Gold prices edged up on Thursday as investors waited for developments in drawn-out debt ceiling negotiations in Washington, with gains in bullion capped by the U.S. dollar rising to a more than two-month high.
Spot gold was 0.2% higher at $1,961.77 per ounce by 1155 GMT. U.S. gold futures eased 0.1% to $1,962.60.
With uncertainties around an 11th-hour debt ceiling deal between Democratic President Joe Biden and top congressional Republican Kevin McCarthy, gold is seeing safe-haven flows, said Peter Fertig, an analyst with Quantitative Commodity Research.
The White House and congressional Republicans are expected to resume negotiations on Thursday with as little as a week remaining until a potential economically catastrophic default.
Other markets were also stuck in debt ceiling limbo, with concerns that the wrangling in the United States could cost it an AAA credit rating.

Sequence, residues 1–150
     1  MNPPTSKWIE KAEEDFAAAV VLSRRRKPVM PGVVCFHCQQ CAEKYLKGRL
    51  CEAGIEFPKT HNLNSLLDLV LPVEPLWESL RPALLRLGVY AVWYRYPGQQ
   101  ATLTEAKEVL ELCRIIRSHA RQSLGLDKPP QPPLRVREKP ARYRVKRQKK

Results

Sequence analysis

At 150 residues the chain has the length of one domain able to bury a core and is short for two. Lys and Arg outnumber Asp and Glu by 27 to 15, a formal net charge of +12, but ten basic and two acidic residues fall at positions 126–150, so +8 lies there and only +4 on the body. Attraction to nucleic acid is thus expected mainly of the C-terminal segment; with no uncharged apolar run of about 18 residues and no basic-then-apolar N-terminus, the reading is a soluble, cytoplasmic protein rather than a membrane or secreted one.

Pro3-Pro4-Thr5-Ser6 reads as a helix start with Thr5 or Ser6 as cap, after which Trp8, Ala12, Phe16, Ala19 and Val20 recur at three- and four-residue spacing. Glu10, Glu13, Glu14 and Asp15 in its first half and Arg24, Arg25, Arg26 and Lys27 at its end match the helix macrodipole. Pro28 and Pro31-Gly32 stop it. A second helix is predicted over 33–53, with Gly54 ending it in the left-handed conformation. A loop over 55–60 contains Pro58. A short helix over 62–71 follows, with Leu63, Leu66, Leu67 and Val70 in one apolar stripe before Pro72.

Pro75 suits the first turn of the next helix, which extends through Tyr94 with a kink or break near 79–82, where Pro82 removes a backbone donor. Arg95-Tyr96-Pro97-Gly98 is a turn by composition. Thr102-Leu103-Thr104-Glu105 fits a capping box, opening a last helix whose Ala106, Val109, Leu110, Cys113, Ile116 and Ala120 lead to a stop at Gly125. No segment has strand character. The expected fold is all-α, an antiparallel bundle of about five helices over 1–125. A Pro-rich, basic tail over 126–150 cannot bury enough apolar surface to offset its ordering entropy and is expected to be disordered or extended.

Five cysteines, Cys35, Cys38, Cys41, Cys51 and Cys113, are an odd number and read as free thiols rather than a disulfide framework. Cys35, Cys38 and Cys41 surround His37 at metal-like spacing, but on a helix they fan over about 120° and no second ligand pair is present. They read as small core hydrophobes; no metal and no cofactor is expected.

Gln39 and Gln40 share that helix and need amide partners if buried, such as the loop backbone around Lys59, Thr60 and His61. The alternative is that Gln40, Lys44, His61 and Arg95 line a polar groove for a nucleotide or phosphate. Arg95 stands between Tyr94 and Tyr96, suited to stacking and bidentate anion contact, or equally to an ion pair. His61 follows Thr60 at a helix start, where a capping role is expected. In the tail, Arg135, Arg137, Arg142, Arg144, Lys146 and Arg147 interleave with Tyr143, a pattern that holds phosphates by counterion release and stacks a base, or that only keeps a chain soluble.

Gold ended lower on Wednesday as minutes from the Federal Reserve's May meeting showed that policymakers "generally agreed" last month that the need for more interest rate increases "had become less certain".
Markets were pricing in a 67% chance of unchanged rates next month, and a 33% chance of a 25-basis points hike, the CME FedWatch tool showed.
Gold, a non-yielding asset, tends to lose appeal in a high interest rate environment.
Fed Governor Christopher Waller said the path ahead would depend on economic data "over the next three weeks."
U.S. GDP estimates and initial jobless claims are due at 1230 GMT.
The safe-haven U.S. dollar rose to its highest since mid-March, making gold less attractive for overseas buyers, while benchmark Treasury yields were near highs seen on March 13.
Gold was "really viewing things through the lens of the dollar," said independent analyst Ross Norman, highlighting that the path of least resistance was lower.
Spot silver eased 0.1% to $23.0625 per ounce, platinum edged up 0.1% to $1,025.24 while palladium dipped 0.9% to $1,402.99.
(Reporting by Seher Dareen in Bengaluru; Editing by Varun H K, Kirsten Donovan)